Art Pact 263 - Shallow Talk

At the edge of the beach, staring up at the land, stood a heavily-armoured fish. It was lying in the shallows, huffing air over its gills and trying to breath. The air was incredibly cold, and every time the fish gaped its mouth it felt a shock of ice passing through its mouth and throat. It was unsure whether the air was doing anything for it - it was still alive, but every minute or so a larger wave washed up the shore, pushing warm water over it.

"Is it working?" called a voice from further out.

"Not sure," gasped the armoured fish.

It shifted awkwardly from side to side, evening out the pressure on its fore-fins. Its actual fins were splayed out on the sand, the weight of its body (not inconsiderable) taken by the heavier bones further up the limbs. It flapped its tail, pushing it a few millimetres further up the sand. It had been doing this every so often for the last few hours, pushing itself an infinitesimal distance with each Herculean effort, and it had got far enough that most of the time only the tip of its tail was in the water. The further it went, the harder it became to move one still further. It knew that there should be some way it could move its tail to press against the sand, but it could not figure out how to do that and stay upright on its fins.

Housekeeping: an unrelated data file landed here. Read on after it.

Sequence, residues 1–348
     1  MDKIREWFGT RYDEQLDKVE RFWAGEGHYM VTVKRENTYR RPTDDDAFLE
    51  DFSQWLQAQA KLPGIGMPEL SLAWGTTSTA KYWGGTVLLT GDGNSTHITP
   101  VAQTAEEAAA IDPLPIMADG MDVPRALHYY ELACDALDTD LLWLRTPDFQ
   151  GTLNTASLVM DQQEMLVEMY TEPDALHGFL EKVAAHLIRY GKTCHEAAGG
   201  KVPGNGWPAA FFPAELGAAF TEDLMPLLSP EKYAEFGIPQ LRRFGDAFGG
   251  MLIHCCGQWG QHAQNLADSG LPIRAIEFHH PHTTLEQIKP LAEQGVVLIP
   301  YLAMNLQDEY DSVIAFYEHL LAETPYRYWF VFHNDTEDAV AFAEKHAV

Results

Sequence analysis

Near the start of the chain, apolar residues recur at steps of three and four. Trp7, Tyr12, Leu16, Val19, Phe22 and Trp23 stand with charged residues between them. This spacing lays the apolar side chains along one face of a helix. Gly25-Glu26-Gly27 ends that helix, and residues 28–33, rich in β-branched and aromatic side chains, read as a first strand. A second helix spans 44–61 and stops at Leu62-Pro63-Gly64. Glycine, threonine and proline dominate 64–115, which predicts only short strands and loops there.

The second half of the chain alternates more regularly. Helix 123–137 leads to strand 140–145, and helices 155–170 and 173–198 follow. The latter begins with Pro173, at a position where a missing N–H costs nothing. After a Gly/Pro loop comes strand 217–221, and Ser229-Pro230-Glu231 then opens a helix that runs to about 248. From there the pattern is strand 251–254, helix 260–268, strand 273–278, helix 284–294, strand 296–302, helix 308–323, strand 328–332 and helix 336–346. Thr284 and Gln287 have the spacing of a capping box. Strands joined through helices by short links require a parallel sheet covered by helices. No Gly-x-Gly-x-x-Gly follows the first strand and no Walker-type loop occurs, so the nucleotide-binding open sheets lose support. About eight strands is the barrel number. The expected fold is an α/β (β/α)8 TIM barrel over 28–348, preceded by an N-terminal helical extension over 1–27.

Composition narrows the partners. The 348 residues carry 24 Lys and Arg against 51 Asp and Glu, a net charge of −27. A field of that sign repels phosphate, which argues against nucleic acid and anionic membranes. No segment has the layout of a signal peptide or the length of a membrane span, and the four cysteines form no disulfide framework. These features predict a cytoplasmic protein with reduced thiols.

"You're still alive, right?" called the voice.

"Yeah, I'm still alive."

"How about you call it a day and come back?"

"No, I think I'll stay out here a while. You go on, you know? Don't bother waiting for me."

"It's all good," said the voice. "I'm not needed anywhere else, not in a hurry, you know? I can just wait here for you to get back. Take your time."

"Oh, I will. I mean, really. I might never come back, do you understand? So if I'm not back in-"--it tried to calculate how long it could stay out of water if the trick with the air didn't work. The answer was depressingly low. "If I'm not back in an hour, say, you can assume I'm gone."

"Okay," said the voice. "If you're not back in an hour I'll just swim away. I'll be gone, so if you come out here and you want to find me for whatever reason, you'll have to come looking for me. I won't be here any more, so..."

Lying bastard, thought the armoured fish. It considered its options. First of all, it could give all of this up as a bad job from the start. Just swim back out to where the voice was and accept that whatever was going to happen was going to happen. Second, it could continue its futile struggle up the beach and asphyxiate. Third, it could do the most likely thing, the thing it expected of itself and it was clear that the voice expected of it: it would hold out as long as it could, then turn around and swim back out to sea in the full knowledge that the voice wasn't gone, that the voice was in fact hiding under a rock somewhere nearby, waiting to tear the fish to shreds the instant it came back. Not the most appealing of outcomes. In fact far from it - probably the least appealing. The fish itself had attacked and eaten many other fish in its time, and although it felt no guilt about it, it was aware enough to know that it had not been exactly a pleasant experience for its victims. There had been thrashing about. There had been blood. There had been anguished cries for mercy from the food-fish, and terrified yelling and farting from the food-fish's relatives and shoal members. Altogether an unpleasant experience if viewed from the perspective of the killee rather than the killer. The thought of beaks or teeth or whatever it was the voice had at its disposal for the rending of flesh was enough to make the armoured fish shudder violently with horrid anticipation.